If you’ve been thinking about refinancing your home mortgage loan but don’t think you’ll be able to take advantage of today’s low rates because of your credit, you might be surprised to learn how accessible low mortgage rates are.
While your credit score plays a factor in qualifying for a mortgage loan, getting the lowest mortgage rate and payment depends not on your credit history but how much about mortgage loans you know.
It’s true… learn the ropes and you’ll find that you qualify for a better mortgage rate than that snobbish neighbor on your block with their perfect credit rating. Here’s what you need to know in order to refinance your mortgage getting the lowest possible payment with less than ideal credit.
Just How Bad is Bad Credit?
There are limitations of course to how bad your credit can be in order to qualify for a traditional mortgage loan; assuming your credit score is not a barrier to loan approval your actual credit score is a non-issue. It doesn’t matter if your credit score is 650 or 750, once you’re approved your credit score has nothing to do with the mortgage rate you receive. What should you do if you cannot qualify for a traditional mortgage loan because of your credit? There are lenders that specialize in this type of home loan; even if you are unable to qualify for a traditional mortgage loan the strategies taught on this website can still save you thousands of dollars. What you need to know is that responsibility for setting your mortgage rate does not lie with the lender. So, if the mortgage lender doesn’t set your interest rate upon loan approval, who does?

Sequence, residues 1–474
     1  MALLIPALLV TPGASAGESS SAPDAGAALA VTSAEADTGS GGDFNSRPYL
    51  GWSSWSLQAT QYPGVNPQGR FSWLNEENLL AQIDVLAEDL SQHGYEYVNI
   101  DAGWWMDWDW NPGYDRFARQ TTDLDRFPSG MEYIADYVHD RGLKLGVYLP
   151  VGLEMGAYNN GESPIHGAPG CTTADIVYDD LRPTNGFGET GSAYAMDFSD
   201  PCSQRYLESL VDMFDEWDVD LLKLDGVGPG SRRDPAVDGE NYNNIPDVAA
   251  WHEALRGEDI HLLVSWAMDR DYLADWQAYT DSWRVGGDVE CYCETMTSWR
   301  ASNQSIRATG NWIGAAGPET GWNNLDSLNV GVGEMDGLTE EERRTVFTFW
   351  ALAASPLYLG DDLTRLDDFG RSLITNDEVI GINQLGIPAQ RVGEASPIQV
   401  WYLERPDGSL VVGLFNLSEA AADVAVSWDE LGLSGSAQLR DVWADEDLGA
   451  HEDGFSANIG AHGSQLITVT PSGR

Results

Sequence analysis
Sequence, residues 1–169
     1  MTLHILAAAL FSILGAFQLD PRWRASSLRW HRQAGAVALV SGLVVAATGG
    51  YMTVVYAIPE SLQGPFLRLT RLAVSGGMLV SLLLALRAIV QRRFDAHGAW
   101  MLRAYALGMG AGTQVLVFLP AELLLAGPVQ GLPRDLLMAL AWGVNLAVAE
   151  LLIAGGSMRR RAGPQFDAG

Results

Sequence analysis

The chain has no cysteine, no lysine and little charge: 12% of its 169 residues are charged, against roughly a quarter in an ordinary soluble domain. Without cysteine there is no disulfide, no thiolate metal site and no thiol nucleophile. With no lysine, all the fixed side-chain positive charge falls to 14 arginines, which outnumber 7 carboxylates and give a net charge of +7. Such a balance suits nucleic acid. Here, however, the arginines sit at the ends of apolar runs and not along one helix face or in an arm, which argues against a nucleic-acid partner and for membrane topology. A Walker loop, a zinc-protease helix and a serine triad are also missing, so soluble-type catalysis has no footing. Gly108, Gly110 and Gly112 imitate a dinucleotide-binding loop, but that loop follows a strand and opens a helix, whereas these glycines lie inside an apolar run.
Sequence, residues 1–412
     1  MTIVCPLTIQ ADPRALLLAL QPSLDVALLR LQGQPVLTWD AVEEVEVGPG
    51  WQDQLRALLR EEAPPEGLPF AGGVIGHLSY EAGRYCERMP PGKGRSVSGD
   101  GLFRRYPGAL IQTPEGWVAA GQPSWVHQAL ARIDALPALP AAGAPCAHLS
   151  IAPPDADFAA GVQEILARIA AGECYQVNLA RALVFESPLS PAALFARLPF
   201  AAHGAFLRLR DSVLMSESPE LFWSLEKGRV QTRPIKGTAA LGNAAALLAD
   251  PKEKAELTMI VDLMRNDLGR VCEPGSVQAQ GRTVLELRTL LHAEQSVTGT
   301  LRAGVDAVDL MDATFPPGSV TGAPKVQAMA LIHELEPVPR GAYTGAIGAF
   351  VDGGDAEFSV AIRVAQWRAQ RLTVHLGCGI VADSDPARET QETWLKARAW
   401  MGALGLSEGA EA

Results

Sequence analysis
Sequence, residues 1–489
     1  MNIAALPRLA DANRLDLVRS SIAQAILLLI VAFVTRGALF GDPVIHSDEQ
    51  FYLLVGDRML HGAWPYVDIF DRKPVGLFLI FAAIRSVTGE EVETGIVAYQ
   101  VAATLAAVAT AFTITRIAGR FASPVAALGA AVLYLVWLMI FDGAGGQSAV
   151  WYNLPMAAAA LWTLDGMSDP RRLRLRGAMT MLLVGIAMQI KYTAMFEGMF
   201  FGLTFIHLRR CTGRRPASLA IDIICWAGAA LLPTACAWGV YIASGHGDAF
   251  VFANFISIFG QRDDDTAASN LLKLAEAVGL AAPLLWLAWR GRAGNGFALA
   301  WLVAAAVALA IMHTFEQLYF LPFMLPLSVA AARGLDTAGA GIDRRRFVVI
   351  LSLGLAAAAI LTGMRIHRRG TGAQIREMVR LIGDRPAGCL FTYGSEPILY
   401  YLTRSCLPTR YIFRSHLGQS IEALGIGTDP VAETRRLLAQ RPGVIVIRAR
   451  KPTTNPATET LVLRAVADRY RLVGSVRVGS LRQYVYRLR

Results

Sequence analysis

Mortgage Interest Rates 101
It might surprise you to learn that the person responsible for determining your mortgage interest rate and ultimately whether or not you get a good deal or overpay is none other than your old friend the mortgage broker. You see, mortgage brokers work from daily lender rate sheets. These mortgage rate sheets quote interest rates for the same loans, with and without points. Keep in mind that a point is a fee you’ll pay to qualify for a specific mortgage rate and not all mortgage rates require paying points. In fact, some mortgage rate quotes actually create points for the broker, which is something you’ll want to avoid when refinancing. Remember that one point is 1.0% of your loan amount and the sweet spot that you’re looking for with your new mortgage is an interest rate that does not require cash out of your pocket or creates an “extra” commission for the person arranging your home loan.
The mortgage rate you’ll receive when refinancing your home loan depends on how well you can negotiate when shopping for the right person to arrange the mortgage. Negotiation not your thing? Don’t worry… it’s a lot easier than you think as long as you’re upfront with the mortgage brokers you contact. I’ve put together a very simple screening process you’ll learn about shortly to weed out mortgage brokers that take lender kickbacks and charge you junk fees.